The report is just another report that takes the easy way out. Stop the contact, give the child to one parent to parent and hey presto all the problems are now resolved. Unfortunately parenting doesn't work like that. You can separate easily with no fuss and dissolve a relationship in moments but unfortunately parenting is entirely indissoluble. Once both parents realise that perhaps they may start to cooperate more. Unfortunately I seem to always be at the the far end of the road where most parents can't agree on the weather let alone contact arrangements.

Executive Secretary - Shared Parenting Council of Australia
 Was my post helpful? If so, please let others know about the FamilyLawWebGuide whenever you see the opportunity
 
All,

I think Samba's reference to 'separation anxiety' is a common reason mothers stop contact.

But if you look at my letter to the Attorney General you will see that this is the same reaction Sir Richard Bowlby has to a child's fear of the dark.

Samba's instinctive reaction is to 'protect' the child, which of course would mean that the 'fear' would persist, or put another way they would never get to see their father!

This is the nub of Bowlby's discredited theory of 'maternal deprivation' and I do not believe the idea of 'monotropy' is a credible solution.

Rutter says don't be frightened and take advantage of the controlled environment to build up the child's resilience which they will need if they are to be happy and healthy individuals.

I hope this is helpful.

kip

Kingsley Miller is the author of 'even Toddlers Need Fathers', a critique of the principle of 'Maternal Deprivation' as applied in family courts, which Professor Sir Michael Rutter described as an, 'interesting and informative guide'. He has also received a letter from Buckingham Palace stating, 'It was thoughtful of you to enclose a copy of your book 'even Toddlers Need Fathers' and Her Majesty has noted your concerns'.
Secretaryspca, I find this over exaggeration quite unprofessional the guidelines say:
When practical, and when the second parent is already a source


 
of comfort and security to the infant, day-time care by the second parent should be prioritized above


 
time spent in group day care.
Of course the other parent is the preferred carer if they are already an established figure in the childs life and the child has a firm attachment to that person.


I disagree with the notion that the child displaying separation anxiety being the main reason Mothers stop contact. Do you have any studies to back that up?  I think you the question needs to be asked is why is the child feeling anxious?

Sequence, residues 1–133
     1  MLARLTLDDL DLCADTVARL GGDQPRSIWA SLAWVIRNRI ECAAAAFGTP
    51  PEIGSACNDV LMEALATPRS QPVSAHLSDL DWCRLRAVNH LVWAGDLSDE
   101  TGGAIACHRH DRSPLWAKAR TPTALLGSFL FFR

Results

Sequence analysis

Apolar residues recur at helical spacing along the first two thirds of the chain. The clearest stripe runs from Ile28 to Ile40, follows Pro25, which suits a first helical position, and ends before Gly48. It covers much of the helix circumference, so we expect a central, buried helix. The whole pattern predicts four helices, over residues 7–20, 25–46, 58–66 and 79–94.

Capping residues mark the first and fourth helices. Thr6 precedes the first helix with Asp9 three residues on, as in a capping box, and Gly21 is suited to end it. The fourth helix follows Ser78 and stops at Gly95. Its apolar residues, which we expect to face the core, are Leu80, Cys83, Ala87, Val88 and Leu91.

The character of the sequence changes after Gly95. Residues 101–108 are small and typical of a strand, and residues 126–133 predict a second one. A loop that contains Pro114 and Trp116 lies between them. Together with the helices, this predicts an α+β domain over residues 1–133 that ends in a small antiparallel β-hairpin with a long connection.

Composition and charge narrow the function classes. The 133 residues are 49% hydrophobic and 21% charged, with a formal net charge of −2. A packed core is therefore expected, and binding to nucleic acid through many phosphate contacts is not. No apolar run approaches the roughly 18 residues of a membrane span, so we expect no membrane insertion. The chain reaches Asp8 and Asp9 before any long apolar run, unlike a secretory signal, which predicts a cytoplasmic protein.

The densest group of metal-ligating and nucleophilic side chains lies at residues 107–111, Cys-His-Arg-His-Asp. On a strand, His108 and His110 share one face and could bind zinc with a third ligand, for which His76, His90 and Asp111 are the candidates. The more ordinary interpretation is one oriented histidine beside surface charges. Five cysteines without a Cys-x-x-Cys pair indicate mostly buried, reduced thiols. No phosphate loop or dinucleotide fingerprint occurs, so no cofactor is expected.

I dont have the time right now to research but I would think a safe bet the main reasons mothers stop contact is because of violence, abuse and high conflict. I am sure there are studies out there that confirm this.


The fact that you are not paying attention to the well researched guidelines on child development and mental health and instead treating the child as an object is very telling.
Gee Samba, you're like ebola for intelligence. It's not like AAIMHI are not in it with an advocacy position.

The guidelines are a load of ill-considered drivel from brainless hacks desperately trying to be controversial and get noticed for the $2BN for childcare & welfare services and other government largesse promised in the National Plan to neuter men.

So children are afraid of the dark. So what. Being overprotective, to the extend of removing the father, opens a can of worms of real problems not imagined.  

Next Greenpeace will put out a press release saying they have evidence GM crops will cause devastation and skin cancer so we all starve?

You moron.

Last edit: by srldad101

srldad101 said
Gee Samba, you're like ebola for intelligence. It's not like AAIMHI are not in it with an advocacy position.

The guidelines are a load of ill-considered drivel from brainless hacks desperately trying to be controversial and get noticed for the $2BN for childcare & welfare services and other government largesse promised in the National Plan to neuter men.

So children are afraid of the dark. So what. Being overprotective, to the extend of removing the father, opens a can of worms of real problems not imagined.

Next Greenpeace will put out a press release saying they have evidence GM crops will cause devastation and skin cancer so we all starve?

You moron.

 

Is name calling really necessary? You expect respect for your point of view, why not respect others point of view, please.